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Hollywood’s Summer Blockbuster Season Comes With a Side of Studio Angst

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LOS ANGELES—At a multiplex on Wednesday, Arnold Schwarzenegger led a pep rally for big-screen films ahead of the summer movie season.

“We want to bring the big screen back. That’s what this is all about,” said the “Terminator” star and former California governor, who led part of the small, socially-distanced crowd in chants of “We are back! We are back!”

The fact that moviegoing—a more than $11 billion-a-year domestic business pre-Covid-19—needed a pep rally speaks to Hollywood’s odd reality these days. It both wants people to rush back to the movies and watch them at home via streaming services.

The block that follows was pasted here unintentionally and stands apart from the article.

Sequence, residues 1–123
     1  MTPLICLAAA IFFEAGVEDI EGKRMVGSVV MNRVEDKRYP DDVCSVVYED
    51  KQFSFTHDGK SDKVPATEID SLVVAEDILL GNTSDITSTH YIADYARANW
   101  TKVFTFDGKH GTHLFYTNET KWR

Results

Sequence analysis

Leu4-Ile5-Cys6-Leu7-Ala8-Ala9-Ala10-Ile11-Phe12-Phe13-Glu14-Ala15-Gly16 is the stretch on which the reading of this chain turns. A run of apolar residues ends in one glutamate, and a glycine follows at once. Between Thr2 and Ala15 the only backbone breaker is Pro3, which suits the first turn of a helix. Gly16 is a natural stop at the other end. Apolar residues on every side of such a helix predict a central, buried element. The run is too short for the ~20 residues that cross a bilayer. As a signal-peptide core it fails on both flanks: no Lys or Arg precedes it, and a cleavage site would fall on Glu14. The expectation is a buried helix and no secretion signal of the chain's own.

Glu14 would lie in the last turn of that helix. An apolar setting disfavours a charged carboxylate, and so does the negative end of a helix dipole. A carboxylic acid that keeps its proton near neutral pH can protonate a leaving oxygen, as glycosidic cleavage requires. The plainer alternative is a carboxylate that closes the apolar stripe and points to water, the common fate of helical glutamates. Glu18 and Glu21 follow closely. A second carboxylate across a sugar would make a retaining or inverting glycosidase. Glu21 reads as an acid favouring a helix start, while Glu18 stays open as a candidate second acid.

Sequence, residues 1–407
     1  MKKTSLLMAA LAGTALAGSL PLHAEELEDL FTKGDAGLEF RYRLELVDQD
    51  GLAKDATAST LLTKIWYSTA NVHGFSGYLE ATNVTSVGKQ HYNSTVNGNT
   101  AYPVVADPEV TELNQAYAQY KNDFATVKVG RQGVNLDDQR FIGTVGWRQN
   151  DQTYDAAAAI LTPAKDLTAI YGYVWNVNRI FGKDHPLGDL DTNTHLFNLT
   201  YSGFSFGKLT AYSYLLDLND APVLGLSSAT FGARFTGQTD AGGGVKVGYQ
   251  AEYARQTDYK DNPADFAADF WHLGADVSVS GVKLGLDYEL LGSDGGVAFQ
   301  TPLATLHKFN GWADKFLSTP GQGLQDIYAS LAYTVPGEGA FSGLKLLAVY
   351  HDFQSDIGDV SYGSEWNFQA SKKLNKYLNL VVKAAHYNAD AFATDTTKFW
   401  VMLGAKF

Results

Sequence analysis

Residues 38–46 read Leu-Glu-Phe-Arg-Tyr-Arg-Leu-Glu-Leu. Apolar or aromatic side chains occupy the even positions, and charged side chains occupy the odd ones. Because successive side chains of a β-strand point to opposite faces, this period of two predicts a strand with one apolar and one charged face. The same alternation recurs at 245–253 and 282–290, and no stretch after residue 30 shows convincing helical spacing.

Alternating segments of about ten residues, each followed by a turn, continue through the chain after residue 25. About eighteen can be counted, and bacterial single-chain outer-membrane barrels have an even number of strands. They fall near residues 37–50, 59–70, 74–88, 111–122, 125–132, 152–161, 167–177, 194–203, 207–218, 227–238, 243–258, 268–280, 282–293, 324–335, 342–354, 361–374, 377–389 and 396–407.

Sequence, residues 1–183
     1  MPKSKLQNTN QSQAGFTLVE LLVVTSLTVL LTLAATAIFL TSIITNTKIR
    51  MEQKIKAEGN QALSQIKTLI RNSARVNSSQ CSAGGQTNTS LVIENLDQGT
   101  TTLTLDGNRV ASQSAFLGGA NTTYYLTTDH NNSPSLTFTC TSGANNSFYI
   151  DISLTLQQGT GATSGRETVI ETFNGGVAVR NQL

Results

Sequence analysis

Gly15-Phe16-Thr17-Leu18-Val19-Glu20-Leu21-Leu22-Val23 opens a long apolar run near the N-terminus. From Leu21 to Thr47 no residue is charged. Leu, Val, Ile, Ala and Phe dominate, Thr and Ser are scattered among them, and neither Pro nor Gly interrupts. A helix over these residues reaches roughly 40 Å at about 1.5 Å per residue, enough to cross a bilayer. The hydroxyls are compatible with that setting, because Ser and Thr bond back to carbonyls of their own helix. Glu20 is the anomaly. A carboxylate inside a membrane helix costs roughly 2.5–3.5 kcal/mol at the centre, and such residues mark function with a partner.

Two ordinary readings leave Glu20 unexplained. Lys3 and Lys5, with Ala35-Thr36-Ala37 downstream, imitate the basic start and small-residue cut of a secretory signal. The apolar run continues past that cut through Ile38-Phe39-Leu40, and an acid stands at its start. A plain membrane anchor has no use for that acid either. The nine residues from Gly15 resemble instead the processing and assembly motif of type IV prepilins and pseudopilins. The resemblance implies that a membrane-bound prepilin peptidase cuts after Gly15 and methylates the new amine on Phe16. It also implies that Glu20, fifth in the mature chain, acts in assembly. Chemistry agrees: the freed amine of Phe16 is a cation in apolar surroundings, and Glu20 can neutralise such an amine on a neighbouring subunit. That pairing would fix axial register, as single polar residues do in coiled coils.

AT&T Inc.’s streaming-driven spinoff of WarnerMedia on Monday is the latest development in an accelerating push to build direct-to-consumer platforms accessible for a monthly fee. How the traditional box-office business model will coexist alongside streaming services, and how film studios fit in, has become an increasingly urgent question.

Most American multiplexes are open ahead of a summer moviegoing season that could become a referendum on the future of the business. This weekend, Comcast Corp.’s latest “Fast & Furious” installment, “F9”—distributed by Universal Pictures—opens in major international markets, including China. Next weekend, Walt Disney Co. ’s “Cruella,” starring Emma Stone, and Paramount Pictures’ horror sequel “A Quiet Place Part II” hit theaters in the U.S.

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